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Need a prom dress or tux but can’t afford one? This Rock Hill mom wants to help.

‘Overwhelming response’: York County woman gives away prom dresses, tuxes to teens in need

Neasey Bodily started Prom Angels York County, which provides teenagers free prom dresses and tuxedos for those in need. Bodily said she has received more than 30 dresses since March and will continue the initiative every year.
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Neasey Bodily started Prom Angels York County, which provides teenagers free prom dresses and tuxedos for those in need. Bodily said she has received more than 30 dresses since March and will continue the initiative every year.

A Rock Hill mom is making sure York County students go to prom in style.

Neasey Bodily started the Prom Angels York County Facebook page and donation effort last month. Her goal is to gather dresses and tuxes donated by York County community members, businesses and others for girls and boys in need of prom wear.

“Whatever I can get to make the youth of our county not worry about the stress of having to afford prom attire,” she said.

Bodily has received more than 30 donated dresses and a tux, along with some jewelry and a few pairs of shoes. She said she will pick up more this week.

Any student in need can contact Bodily through the Facebook page to set up a time to try on and take home an outfit. Those wanting to donate dresses, tuxes or accessories can also contact her.

York County high school proms are coming up this month and in May.

Thanks to Bodily’s efforts, a Rock Hill hill mom said her daughter will go to the prom in a dress she loves.

“She’s got a very good heart,” the mother said of Bodily. “I appreciate everything she did.”

The Herald is not naming the mother as donations are anonymous.

Bodily said there are no requirements to take home a free dress, tux or accessory.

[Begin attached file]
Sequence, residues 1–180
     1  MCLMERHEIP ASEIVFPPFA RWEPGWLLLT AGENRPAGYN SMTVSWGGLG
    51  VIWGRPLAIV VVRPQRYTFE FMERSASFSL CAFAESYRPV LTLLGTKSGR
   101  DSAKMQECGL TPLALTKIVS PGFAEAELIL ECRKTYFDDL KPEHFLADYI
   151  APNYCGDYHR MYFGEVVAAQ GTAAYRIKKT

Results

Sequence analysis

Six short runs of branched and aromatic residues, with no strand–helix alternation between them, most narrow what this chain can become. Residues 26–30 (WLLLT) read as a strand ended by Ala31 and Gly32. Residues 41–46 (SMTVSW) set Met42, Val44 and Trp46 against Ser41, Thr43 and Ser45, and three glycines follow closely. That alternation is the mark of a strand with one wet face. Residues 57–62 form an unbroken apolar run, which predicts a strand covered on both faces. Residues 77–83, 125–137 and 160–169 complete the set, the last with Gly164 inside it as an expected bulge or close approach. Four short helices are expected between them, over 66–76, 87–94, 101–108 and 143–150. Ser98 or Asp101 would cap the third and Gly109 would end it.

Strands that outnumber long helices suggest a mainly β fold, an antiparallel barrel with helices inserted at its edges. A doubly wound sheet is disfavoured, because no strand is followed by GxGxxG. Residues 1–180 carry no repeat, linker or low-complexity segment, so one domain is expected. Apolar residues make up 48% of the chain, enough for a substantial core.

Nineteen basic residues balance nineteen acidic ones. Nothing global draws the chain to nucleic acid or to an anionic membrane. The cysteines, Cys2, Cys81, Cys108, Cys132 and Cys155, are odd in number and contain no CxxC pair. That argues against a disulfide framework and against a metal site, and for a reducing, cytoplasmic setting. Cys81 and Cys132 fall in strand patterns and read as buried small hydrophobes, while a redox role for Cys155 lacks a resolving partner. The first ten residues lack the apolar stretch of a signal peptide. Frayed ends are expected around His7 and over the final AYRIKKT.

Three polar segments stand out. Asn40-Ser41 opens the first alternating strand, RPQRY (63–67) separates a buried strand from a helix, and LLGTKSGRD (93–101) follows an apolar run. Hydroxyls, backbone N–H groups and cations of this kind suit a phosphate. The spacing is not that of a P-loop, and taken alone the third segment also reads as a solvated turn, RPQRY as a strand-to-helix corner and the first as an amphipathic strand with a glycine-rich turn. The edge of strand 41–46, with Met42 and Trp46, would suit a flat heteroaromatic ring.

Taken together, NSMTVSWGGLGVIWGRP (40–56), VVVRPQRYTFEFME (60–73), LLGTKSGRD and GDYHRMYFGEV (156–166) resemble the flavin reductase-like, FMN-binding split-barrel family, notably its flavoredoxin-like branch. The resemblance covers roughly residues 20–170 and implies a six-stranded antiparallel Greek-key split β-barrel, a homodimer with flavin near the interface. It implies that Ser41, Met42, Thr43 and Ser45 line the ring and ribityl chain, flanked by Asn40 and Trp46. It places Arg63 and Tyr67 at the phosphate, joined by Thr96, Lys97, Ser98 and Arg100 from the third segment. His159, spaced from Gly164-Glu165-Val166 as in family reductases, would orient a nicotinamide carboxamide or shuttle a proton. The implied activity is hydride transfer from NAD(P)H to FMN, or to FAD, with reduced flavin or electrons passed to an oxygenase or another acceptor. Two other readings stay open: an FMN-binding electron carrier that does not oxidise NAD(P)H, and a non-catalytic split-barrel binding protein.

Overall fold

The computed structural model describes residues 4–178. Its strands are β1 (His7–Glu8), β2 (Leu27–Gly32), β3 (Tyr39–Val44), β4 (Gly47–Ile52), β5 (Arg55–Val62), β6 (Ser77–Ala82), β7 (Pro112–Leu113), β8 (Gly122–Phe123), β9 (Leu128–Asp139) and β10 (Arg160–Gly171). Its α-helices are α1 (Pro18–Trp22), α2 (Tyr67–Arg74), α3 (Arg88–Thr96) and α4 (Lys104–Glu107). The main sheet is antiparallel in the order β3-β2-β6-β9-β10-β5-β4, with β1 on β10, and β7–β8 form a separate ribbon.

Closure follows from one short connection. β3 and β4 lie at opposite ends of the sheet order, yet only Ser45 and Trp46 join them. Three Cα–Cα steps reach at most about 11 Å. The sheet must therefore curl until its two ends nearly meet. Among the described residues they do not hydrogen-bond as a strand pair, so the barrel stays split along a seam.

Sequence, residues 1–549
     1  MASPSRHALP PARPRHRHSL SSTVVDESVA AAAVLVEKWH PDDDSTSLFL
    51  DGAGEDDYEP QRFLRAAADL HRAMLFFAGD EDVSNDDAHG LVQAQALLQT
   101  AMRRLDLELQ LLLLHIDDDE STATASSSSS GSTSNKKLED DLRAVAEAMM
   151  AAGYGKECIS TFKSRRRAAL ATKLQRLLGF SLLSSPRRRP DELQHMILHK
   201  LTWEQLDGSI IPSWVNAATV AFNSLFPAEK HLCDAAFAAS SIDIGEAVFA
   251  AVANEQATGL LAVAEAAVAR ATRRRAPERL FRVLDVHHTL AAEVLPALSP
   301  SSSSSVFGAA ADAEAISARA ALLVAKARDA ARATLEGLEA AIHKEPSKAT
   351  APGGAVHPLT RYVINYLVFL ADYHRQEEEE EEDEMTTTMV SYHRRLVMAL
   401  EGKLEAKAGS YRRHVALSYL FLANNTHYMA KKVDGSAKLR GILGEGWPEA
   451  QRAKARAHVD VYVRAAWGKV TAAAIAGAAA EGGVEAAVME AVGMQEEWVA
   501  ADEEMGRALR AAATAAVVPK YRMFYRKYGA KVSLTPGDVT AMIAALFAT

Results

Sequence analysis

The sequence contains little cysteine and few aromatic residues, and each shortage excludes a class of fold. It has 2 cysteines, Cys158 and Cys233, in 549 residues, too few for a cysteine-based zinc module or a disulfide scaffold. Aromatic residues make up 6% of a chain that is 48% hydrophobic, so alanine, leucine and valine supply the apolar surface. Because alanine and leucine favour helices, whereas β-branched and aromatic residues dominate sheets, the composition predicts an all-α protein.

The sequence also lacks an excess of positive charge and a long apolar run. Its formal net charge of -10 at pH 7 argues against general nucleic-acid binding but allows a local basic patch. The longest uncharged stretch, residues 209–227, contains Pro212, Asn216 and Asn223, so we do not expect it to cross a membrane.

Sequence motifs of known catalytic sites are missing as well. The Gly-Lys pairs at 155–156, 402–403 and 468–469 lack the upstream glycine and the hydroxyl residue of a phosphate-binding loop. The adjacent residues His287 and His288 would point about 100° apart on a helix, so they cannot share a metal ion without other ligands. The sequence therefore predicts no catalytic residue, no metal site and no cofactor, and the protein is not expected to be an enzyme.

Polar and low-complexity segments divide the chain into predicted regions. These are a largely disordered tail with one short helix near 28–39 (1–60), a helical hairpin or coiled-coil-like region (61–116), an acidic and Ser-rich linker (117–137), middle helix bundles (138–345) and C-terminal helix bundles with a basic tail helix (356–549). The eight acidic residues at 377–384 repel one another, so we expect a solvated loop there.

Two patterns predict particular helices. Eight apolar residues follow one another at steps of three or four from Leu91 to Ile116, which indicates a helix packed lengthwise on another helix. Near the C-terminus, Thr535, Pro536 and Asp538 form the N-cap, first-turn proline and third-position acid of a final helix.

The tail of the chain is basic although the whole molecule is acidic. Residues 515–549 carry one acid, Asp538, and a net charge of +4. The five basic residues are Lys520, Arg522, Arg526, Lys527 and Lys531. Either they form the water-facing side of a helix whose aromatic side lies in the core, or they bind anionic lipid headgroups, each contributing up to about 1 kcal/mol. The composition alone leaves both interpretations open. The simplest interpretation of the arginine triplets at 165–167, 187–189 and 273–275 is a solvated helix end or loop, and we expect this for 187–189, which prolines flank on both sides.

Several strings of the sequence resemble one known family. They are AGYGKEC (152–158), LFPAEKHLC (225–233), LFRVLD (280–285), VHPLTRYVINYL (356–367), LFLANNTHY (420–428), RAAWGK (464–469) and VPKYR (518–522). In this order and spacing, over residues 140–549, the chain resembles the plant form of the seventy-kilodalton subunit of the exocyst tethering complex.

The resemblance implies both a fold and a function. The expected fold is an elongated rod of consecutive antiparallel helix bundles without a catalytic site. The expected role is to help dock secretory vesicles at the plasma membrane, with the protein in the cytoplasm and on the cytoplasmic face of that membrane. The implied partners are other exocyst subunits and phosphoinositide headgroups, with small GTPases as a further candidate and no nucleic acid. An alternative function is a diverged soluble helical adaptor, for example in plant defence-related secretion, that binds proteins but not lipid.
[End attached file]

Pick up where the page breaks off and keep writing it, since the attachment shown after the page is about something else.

“I am just trying to help everyone that I can help,” Bodily said.

Bodily said she was inspired after helping a young girl find a free prom dress who couldn’t afford one. She posted about that donation to Fort Mill and Rock Hill mothers’ Facebook groups.

“The overwhelming response I received was remarkable,” she said. “From there, I started thinking about how many other kids may need the same thing.”

Bodily is partnering with KatyLoo Boutique in Fort Mill. The boutique also has some dresses on hand for students in need.

“She is sending people my way if she doesn’t have something, and I send someone her way if I don’t have what they need,” Bodily said.

KatyLoo Boutique owner Jennifer McAliley said she wants to help girls have that prom dress shopping experience.

“In our store, one of our goals is to make sure everyone who comes in ... is treated with the best service and has a wonderful experience,” McAliley said.

Girls needing a prom dress can call KatyLoo Boutique at 803-686-3048.

The Renew Our Community Emporium, a clothing closet and thrift store, also has donated dresses.

Donald Catha, director of the Emporium, said Bodily came in to buy dresses for her effort. Instead, the Emporium gave them to her.

“Part of what we do as ROC is to help visitors in need,” Catha said.

The Emporium often donates goods rather than sell them when it is clear the person needs help or is helping others, Catha said. The store also receives vouchers from Renew Our Community for people in need of free clothing.

Helping the prom dress effort was right in line with what ROC does every day, Catha said.

“Anybody that is in need of some type of assistance or is tying to help other people, if we can help in anyway, that’s our purpose,” Catha said. “It’s absolutely amazing. A lot of the people that come in here that are buying stuff to help those in need, they don’t have a lot of money themselves.”

Bodily said she hopes to continue the prom dress donation drive next year.

“It’s about making these kids happy,” Bodily said. “Just being able to see these girls get a dress that really made them feel beautiful, that is the biggest reward for me.”

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Amanda Harris covers issues related to children and families in York, Chester and Lancaster County for The Herald. Amanda works with local schools, parents and community members to address important topics such as school security, mental health and the opioid epidemic. She graduated from Winthrop University.


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